Radio waves are a type of electromagnetic radiation with wavelengths
in the electromagnetic spectrum longer than infrared light. Radio waves have
frequencies from 300 GHz to as low as 3 kHz, and corresponding wavelengths
ranging from 1 millimeter (0.039 in) to 100 kilometers (62 mi). Like all other
electromagnetic waves, they travel at the speed of light. Naturally occurring
radio waves are made by lightning, or by astronomical objects. Artificially
generated radio waves are used for fixed and mobile radio communication,
broadcasting, radar and other navigation systems, communications satellites,
computer networks and innumerable other applications. Radio waves are generated
by radio transmitters and received by radio receivers. Different frequencies of
radio waves have different propagation characteristics in the Earth's
atmosphere; long waves can diffract around obstacles like mountains and follow
the contour of the earth (ground waves), shorter waves can reflect off the
ionosphere and return to earth beyond the horizon (skywaves), while much shorter
wavelengths bend or diffract very little and travel on a line of sight, so their
propagation distances are limited to the visual horizon.
To prevent interference between different users, the artificial generation and use of radio waves is strictly regulated by law, coordinated by an international body called the International Telecommunications Union (ITU), which defines radio waves as "electromagnetic waves of frequencies arbitrarily lower than 3 000 GHz, propagated in space without artificial guide". The radio spectrum is divided into a number of radio bands on the basis of frequency, allocated to different uses.
Discovery and utilization
Radio waves were first predicted by mathematical work done in 1867 by Scottish mathematical physicist James Clerk Maxwell. Maxwell noticed wavelike properties of light and similarities in electrical and magnetic observations. His mathematical theory, now called Maxwell's equations, described light waves and radio waves as waves of electromagnetism that travel in space, radiated by a charged particle as it undergoes acceleration. In 1887, Heinrich Hertz demonstrated the reality of Maxwell's electromagnetic waves by experimentally generating radio waves in his laboratory, showing that they exhibited the same wave properties as light: standing waves, refraction, diffraction, and polarization. Radio waves were first used for communication in the mid 1890s by Guglielmo Marconi, who developed the first practical radio transmitters and receivers.
The study of electromagnetic phenomena such as reflection, refraction, polarization, diffraction, and absorption is of critical importance in the study of how radio waves move in free space and over the surface of the Earth. Different frequencies experience different combinations of these phenomena in the Earth's atmosphere, making certain radio bands more useful for specific purposes than others.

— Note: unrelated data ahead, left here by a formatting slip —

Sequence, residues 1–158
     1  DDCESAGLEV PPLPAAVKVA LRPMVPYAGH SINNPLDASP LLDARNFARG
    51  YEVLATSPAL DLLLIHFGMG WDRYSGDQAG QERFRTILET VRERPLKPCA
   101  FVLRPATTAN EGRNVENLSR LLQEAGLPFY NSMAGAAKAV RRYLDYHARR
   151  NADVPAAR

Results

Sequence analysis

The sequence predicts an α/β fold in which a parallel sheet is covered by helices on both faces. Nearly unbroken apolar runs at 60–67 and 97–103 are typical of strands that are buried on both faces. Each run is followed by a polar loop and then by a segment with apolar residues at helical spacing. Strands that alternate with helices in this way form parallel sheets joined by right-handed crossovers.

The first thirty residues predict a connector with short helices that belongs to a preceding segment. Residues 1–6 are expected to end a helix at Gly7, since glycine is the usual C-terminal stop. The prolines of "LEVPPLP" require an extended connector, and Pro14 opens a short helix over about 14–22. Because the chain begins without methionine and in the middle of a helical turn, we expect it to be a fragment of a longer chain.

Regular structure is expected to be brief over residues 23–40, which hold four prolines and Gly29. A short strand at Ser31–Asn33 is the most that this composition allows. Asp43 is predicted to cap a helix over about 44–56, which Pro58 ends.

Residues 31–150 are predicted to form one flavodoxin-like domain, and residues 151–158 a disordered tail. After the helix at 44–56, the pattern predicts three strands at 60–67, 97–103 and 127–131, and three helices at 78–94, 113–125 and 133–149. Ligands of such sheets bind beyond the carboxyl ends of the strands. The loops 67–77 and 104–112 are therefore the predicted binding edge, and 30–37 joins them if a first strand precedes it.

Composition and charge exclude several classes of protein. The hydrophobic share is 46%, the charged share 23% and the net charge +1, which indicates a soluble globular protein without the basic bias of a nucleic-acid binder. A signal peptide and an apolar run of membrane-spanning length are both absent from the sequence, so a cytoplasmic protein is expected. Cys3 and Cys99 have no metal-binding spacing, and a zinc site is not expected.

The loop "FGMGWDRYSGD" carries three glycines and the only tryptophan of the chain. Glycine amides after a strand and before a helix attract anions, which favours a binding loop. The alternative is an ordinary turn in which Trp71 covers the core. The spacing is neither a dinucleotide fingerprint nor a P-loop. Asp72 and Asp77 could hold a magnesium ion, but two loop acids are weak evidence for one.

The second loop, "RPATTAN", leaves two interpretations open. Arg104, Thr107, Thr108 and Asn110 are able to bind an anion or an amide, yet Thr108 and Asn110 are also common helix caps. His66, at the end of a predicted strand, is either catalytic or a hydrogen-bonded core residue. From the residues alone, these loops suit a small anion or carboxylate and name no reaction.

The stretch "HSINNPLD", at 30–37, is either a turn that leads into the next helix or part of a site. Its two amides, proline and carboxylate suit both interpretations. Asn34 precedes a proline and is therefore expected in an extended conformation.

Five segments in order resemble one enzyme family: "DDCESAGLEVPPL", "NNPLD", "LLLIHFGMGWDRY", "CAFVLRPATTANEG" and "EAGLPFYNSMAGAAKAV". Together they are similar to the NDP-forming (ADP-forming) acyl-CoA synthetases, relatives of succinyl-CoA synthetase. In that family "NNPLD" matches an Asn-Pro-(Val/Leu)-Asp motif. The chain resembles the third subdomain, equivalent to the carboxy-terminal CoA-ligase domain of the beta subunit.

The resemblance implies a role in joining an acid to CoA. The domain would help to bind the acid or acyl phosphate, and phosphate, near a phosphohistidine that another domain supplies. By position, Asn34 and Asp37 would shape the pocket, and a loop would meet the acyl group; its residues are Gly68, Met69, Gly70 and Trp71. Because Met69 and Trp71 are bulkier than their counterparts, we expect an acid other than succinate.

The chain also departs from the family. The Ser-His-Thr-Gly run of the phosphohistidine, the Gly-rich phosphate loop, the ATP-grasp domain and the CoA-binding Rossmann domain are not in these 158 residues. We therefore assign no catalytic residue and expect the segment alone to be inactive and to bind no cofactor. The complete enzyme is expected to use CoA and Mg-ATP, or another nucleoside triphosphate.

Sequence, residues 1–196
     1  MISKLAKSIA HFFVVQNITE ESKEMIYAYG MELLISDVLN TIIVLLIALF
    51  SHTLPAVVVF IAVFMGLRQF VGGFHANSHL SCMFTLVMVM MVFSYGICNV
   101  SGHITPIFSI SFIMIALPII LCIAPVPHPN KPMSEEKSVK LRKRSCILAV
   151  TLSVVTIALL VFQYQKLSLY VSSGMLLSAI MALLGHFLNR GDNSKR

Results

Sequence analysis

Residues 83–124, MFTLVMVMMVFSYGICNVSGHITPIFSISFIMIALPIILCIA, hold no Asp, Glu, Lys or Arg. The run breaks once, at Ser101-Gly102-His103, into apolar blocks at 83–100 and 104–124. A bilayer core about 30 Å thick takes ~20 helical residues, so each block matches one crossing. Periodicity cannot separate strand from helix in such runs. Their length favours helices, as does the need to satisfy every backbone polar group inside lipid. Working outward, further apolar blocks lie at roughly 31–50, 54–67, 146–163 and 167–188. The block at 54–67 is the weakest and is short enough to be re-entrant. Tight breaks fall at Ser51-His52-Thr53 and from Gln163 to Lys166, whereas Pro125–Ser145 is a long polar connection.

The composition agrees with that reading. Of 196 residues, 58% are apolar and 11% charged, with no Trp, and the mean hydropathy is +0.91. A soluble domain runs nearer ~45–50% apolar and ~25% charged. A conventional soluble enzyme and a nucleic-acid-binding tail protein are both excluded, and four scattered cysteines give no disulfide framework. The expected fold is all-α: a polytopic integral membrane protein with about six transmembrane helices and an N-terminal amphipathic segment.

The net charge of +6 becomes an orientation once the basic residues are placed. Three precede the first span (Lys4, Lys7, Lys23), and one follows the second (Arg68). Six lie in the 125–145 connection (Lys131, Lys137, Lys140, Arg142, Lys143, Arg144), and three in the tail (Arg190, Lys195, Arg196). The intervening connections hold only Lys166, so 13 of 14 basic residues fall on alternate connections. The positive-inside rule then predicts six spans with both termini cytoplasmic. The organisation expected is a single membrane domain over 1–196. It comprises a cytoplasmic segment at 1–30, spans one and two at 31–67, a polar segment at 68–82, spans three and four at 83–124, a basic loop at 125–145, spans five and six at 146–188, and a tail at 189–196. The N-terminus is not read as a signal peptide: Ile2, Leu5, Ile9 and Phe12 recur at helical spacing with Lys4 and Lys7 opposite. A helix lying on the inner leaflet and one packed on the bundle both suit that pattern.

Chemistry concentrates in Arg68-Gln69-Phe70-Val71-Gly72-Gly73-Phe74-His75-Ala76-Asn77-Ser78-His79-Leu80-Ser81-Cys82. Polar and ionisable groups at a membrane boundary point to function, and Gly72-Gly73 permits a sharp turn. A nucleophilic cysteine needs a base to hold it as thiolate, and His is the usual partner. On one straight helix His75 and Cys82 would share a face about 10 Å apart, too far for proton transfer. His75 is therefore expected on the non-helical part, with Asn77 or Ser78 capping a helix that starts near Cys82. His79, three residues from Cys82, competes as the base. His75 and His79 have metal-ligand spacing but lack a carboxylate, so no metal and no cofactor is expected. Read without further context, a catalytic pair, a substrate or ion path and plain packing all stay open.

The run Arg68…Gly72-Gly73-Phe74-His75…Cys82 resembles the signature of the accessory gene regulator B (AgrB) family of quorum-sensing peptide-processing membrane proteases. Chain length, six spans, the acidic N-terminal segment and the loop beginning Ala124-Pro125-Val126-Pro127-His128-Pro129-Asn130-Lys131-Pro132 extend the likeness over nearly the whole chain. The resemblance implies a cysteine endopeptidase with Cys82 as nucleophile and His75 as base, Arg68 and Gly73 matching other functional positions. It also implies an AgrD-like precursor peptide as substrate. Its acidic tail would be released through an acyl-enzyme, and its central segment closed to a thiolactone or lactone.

Speed, wavelength, and frequency
Radio waves travel at the speed of light. When
passing through an object, they are slowed according to that object's
permeability and permittivity.
The wavelength is the distance from one peak of the wave's electric field (wave's peak/crest) to the next, and is inversely proportional to the frequency of the wave. The distance a radio wave travels in one second, in a vacuum, is 299,792,458 meters (983,571,056 ft) which is the wavelength of a 1 hertz radio signal. A 1 megahertz radio signal has a wavelength of 299.8 meters (984 ft).
In order to receive radio signals, for instance from AM/FM radio stations, a radio antenna must be used. However, since the antenna will pick up thousands of radio signals at a time, a radio tuner is necessary to tune in a particular signal. This is typically done via a resonator (in its simplest form, a circuit with a capacitor, inductor, or crystal oscillator, but many modern radios use Phase Locked Loop systems). The resonator is configured to resonate at a particular frequency, allowing the tuner to amplify sine waves at that radio frequency and ignore other sine waves. Usually, either the inductor or the capacitor of the resonator is adjustable, allowing the user to change the frequency at which it resonates.
- ITU Radio Regulations, Chapter I, Section I, General terms – Article 1.6, definition: radio waves or hertzian waves
- Harman, Peter Michael (1998). The natural philosophy of James Clerk Maxwell. Cambridge, England: Cambridge University Press. p. 6. ISBN 0-521-00585-X.
- "Heinrich Hertz: The Discovery of Radio Waves". Juliantrubin.com. Retrieved 2011-11-08.
- Brain, Marshall (2000-12-07). "How Radio Works". HowStuffWorks.com. Retrieved 2009-09-11.
- Brain, Marshall (2000-12-08). "How Oscillators Work". HowStuffWorks.com. Retrieved 2009-09-11.
- James Clerk Maxwell, "A Dynamical Theory of the Electromagnetic Field", Philosophical Transactions of the Royal Society of London 155, 459-512 (1865).
- Heinrich Hertz: "Electric waves; being researches on the propagation of electric action with finite velocity through space" (1893). Cornell University Library Historical Monographs Collection. Reprinted by Cornell University Library Digital Collections.
- Karl Rawer: "Wave Propagation in the Ionosphere". Kluwer, Dordrecht 1993. ISBN 0-7923-0775-5
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